The position of the Belgian Prime Minister Yves Leterme is in question, again, tonight because of a nationalist Flemish party. The members of the NVA have opted to withdraw support from the ruling coalition, even though Leterme’s Christian Democrats are part of the same Flemish political block.
The head of the NVA, Bart De Wever, said: “It’s time to say that’s enough. We don’t have any confidence in the Francophone parties to achieve political reform, and because of that we don’t have any place in the federal majority.”
The Dutch-speaking north and French-speaking south of Belgium remain more divided than ever when it comes to an agreement on political and economic power.
Leterme is now faced with a stark choice: support the position of his political allies or put the interests of the national government first. So far he has made no comment.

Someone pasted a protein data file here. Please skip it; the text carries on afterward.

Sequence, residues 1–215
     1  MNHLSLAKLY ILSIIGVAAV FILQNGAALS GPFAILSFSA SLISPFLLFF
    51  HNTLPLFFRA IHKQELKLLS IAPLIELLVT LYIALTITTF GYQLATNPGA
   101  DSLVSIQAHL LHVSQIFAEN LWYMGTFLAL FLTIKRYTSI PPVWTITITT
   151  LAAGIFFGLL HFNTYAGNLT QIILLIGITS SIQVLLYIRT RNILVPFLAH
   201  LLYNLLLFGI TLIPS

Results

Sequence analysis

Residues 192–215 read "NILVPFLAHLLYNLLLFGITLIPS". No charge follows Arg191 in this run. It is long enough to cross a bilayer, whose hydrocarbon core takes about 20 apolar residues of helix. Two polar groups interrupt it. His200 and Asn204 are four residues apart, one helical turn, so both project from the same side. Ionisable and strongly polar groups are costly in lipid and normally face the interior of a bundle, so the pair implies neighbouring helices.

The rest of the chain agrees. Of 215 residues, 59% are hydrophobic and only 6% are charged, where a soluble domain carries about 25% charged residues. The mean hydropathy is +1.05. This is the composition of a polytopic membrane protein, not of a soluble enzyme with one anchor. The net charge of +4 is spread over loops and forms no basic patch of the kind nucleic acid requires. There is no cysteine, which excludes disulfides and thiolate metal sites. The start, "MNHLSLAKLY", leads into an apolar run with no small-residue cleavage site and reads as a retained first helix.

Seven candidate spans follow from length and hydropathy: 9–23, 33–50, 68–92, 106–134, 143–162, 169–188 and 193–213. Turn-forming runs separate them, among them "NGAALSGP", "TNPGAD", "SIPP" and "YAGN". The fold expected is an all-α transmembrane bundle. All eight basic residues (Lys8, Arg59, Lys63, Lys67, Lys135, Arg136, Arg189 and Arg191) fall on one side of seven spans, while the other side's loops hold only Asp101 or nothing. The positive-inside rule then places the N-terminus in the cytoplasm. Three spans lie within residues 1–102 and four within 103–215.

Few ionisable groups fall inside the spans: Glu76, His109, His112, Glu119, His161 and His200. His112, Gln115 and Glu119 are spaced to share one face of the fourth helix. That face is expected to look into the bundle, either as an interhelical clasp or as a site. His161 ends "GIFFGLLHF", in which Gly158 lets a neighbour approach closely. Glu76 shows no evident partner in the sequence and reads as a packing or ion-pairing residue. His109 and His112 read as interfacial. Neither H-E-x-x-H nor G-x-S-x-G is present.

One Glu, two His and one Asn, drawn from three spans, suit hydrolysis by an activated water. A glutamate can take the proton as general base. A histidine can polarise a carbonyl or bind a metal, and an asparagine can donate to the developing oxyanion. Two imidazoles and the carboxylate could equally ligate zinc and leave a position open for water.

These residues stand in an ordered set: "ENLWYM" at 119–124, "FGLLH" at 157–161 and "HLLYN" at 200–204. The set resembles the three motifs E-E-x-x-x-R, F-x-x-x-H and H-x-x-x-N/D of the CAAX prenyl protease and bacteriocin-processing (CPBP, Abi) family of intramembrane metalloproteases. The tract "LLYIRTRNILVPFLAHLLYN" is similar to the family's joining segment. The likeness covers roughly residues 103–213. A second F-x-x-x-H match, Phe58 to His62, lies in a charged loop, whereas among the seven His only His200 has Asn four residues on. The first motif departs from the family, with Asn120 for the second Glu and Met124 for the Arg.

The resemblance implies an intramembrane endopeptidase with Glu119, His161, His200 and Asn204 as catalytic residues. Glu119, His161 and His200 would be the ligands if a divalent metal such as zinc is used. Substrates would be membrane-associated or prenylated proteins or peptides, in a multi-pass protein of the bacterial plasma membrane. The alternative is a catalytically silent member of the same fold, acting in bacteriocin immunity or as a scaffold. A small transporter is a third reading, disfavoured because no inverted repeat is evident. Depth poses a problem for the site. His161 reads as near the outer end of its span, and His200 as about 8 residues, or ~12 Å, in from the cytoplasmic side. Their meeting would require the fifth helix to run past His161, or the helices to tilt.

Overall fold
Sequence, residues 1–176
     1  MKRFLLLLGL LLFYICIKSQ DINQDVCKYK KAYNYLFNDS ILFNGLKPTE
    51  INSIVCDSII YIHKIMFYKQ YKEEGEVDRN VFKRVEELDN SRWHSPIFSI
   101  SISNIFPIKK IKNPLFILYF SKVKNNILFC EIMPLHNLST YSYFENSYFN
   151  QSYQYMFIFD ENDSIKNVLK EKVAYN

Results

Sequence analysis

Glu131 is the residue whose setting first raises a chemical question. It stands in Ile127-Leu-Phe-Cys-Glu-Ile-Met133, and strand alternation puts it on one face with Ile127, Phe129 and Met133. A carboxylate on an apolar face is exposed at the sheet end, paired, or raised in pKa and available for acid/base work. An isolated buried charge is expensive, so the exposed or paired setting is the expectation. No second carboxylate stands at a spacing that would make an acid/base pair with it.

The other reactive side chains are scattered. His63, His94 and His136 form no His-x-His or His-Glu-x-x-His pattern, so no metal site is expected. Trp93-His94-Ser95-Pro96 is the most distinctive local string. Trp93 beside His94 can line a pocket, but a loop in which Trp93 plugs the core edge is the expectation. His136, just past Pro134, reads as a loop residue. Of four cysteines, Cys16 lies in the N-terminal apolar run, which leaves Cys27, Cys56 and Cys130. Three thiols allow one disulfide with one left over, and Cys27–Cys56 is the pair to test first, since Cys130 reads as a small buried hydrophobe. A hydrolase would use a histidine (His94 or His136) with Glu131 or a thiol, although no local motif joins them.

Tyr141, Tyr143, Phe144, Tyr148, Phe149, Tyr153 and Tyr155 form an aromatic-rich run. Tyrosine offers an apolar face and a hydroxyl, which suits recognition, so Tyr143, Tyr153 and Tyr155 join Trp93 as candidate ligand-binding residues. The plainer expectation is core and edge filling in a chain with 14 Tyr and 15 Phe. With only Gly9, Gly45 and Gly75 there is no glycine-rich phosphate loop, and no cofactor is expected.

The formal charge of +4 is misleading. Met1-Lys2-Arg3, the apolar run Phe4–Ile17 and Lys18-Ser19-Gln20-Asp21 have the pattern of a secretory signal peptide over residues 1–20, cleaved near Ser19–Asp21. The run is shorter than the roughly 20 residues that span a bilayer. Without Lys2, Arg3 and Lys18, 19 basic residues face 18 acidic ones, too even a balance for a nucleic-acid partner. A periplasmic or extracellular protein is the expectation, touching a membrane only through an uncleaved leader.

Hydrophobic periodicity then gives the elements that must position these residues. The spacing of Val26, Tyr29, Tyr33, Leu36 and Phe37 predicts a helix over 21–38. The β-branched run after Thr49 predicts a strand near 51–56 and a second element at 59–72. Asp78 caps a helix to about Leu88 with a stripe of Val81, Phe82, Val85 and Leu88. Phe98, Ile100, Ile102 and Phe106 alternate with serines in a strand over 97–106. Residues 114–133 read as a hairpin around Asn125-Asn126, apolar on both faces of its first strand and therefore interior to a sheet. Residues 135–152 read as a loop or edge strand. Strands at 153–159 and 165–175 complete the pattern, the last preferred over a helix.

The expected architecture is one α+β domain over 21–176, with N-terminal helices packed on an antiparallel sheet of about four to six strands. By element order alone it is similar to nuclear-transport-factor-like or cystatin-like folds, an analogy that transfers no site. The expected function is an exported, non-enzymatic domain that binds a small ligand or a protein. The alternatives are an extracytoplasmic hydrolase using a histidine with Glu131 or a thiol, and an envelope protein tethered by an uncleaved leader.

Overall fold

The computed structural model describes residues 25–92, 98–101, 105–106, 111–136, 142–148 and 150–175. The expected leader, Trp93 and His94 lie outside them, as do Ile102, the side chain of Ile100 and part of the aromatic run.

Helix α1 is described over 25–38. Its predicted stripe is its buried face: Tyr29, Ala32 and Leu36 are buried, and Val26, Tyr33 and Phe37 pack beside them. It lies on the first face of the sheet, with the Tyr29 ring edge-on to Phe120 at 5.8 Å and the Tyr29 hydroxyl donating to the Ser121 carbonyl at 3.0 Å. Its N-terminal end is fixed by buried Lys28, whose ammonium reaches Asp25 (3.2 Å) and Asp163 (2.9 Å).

But, just last month when pressed on the possibility of a split like this, Leterme said: “I am the father of a Flemish block and a father never turns his back on his children.”
Political watchers feel that if Leterme decides that his interests lie with his political group it would be very difficult for his party,and therefore him, to remain in the federal government.